LONDON — Russia has weaponized information as part of a broad and long-running effort to interfere in the British political system and sow discord, and those efforts were widely ignored by successive British governments, according to a long-awaited report released on Tuesday by the British Parliament.
While the report examined Russia’s possible role in fomenting conflict surrounding some of the United Kingdom’s most divisive political battles in recent years — including the 2016 Brexit referendum that rejected membership of European Union and a 2014 referendum in which Scotland voted to remain part of the United Kingdom — it did not draw conclusions on the success of those efforts.
Instead, the authors of the report told British lawmakers that they could not speak to the effectiveness of the Russian influence campaign because the government had failed to even be alert to the threat despite years of mounting evidence.
It raised a fundamental question: Who is protecting the country’s democratic system?
“No one is,” was the answer given by the authors.
“The government here has let us down,” Kevan Jones, a member of Parliament who served on the intelligence committee that released the report, said at a news conference.
“The outrage isn’t if there is interference, the outrage is no one wanted to know if there was interference,” Mr. Jones said. “What we do know about Russian interference in the U.K. is it is the new normal.”
The release of the Russia report comes almost one and a half years after the conclusion of the inquiry by the British Parliament’s intelligence and security committee, the body that oversees the country’s spy agencies.
Despite the long wait, it comes at a moment of high interest in the extent of Russian interference in western politics, ahead of the U.S. presidential elections in November.
The report, based on secret intelligence as well as evidence from independent experts, aims to summarize the threat Russia poses to Britain and the effectiveness of countermeasures.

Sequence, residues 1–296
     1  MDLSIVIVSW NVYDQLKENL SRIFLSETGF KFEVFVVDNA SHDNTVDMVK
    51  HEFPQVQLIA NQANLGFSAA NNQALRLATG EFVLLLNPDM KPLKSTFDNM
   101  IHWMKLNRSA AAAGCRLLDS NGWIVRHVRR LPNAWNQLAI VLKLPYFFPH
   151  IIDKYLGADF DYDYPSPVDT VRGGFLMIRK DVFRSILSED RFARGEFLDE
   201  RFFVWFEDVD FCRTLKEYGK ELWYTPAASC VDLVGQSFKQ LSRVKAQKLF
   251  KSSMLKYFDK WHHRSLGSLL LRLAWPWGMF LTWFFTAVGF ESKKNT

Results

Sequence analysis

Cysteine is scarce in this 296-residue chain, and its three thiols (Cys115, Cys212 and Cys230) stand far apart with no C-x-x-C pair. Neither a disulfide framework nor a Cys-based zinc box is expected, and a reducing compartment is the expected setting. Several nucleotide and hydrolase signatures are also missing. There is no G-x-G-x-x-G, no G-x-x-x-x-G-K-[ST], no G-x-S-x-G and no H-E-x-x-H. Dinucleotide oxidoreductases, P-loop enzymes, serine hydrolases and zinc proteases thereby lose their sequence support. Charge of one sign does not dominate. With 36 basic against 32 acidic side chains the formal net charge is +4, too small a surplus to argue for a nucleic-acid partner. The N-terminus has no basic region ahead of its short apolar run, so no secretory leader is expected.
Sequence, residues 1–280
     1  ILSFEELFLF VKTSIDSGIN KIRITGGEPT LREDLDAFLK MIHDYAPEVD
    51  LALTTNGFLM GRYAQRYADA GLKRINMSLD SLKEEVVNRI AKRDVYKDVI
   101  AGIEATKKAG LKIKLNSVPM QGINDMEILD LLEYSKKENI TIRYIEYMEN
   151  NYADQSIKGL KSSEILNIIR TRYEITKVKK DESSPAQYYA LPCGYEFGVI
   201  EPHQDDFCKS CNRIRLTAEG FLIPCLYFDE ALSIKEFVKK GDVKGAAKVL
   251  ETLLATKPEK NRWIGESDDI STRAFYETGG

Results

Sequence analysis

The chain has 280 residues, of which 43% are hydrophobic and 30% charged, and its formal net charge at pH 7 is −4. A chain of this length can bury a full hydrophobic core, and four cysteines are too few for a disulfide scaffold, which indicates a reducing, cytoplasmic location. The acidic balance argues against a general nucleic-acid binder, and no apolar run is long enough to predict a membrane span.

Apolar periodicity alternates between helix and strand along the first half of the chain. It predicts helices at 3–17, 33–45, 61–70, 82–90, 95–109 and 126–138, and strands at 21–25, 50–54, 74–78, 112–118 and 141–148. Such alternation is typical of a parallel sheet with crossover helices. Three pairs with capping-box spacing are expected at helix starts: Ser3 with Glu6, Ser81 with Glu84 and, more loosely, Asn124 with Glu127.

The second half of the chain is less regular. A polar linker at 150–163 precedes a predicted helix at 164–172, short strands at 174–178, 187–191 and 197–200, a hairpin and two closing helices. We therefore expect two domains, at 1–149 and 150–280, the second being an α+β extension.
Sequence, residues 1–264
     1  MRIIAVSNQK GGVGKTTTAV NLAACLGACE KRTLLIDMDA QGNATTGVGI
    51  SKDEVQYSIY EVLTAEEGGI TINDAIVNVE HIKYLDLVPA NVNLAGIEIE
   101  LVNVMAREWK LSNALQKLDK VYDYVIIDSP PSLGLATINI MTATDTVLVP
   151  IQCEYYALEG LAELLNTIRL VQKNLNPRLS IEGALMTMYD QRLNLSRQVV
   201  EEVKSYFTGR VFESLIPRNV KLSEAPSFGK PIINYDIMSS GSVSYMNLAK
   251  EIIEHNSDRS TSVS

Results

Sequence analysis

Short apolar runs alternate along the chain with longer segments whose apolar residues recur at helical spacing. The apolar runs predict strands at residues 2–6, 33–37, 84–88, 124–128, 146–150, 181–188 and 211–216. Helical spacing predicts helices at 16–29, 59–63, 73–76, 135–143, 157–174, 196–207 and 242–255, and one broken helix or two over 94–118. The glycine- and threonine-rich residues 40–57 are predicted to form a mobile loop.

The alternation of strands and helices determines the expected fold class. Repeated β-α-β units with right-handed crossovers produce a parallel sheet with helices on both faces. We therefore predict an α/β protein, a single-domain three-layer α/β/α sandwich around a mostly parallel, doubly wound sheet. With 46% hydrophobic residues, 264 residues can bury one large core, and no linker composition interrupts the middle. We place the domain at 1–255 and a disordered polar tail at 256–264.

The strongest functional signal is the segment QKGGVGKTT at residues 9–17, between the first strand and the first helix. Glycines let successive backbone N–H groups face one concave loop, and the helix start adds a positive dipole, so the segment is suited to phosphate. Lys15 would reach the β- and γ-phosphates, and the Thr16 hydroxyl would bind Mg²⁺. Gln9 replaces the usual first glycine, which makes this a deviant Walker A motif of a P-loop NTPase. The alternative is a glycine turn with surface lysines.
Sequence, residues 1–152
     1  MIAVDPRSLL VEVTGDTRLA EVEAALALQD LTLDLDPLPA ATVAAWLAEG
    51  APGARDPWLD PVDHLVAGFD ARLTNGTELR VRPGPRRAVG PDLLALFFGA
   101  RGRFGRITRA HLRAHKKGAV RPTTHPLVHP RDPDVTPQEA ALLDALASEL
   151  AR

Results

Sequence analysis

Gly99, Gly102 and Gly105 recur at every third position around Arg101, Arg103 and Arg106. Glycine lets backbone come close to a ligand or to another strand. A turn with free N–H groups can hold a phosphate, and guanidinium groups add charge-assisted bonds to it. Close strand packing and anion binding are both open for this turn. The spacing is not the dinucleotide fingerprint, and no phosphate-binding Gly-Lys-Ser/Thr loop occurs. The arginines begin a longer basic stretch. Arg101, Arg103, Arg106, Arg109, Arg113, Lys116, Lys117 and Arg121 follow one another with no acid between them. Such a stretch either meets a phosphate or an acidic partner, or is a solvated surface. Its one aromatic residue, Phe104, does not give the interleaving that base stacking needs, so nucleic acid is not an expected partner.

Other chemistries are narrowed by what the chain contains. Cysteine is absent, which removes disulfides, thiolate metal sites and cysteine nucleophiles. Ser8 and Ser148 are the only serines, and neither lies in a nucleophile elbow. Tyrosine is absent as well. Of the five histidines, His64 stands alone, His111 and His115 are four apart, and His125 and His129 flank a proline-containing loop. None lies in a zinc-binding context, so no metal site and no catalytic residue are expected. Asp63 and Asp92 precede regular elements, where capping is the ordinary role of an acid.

Concerns about Russian meddling and aggression stretch back more than a decade to the death in November 2006 of Alexander V. Litvinenko.
A former K.G.B. officer and critic of the Kremlin, Mr. Litvinenko had won asylum in Britain. He was killed in central London by the radioactive poison polonium-210, believed to have been administered by a cup of tea. A subsequent British inquiry concluded that his killing “was probably approved” by President Vladimir V. Putin of Russia and the head of the country’s intelligence service.
In 2018, Sergei Skripal, another former Russian spy, and his 33-year-old daughter, Yulia, were found seriously ill on a bench in Salisbury, England, after a poisoning attack that left them hospitalized for weeks. Britain accused two Russians of using a rare nerve agent to try to kill Mr. Skripal.
Although the intelligence and security committee report was seen and approved by Downing Street in 2019, its release was held up before a general election in December that brought Britain’s prime minister, Boris Johnson, a large majority in Parliament.
Critics of Mr. Johnson say he has been compromised by donations to his Conservative Party from wealthy Russian donors living in Britain and argue that the report was delayed unnecessarily.
The report itself raised questions about the influence Russia wields in the country’s corridors of power.
“It is notable that a number of members of the House of Lords have business interests linked to Russia, or work directly for major Russian companies linked to the Russian state,” according to the report. “These relationships should be carefully scrutinized, given the potential for the Russian state to exploit them.”
Last week, Dominic Raab, the foreign secretary, said that Russian “actors” almost certainly sought to interfere in the 2019 general election through the online “amplification” of stolen documents relating to trade talks between Britain and the U.S.
After the election, there was a second delay in the publication of the Russia report until Downing Street agreed on the membership of a new intelligence and security committee.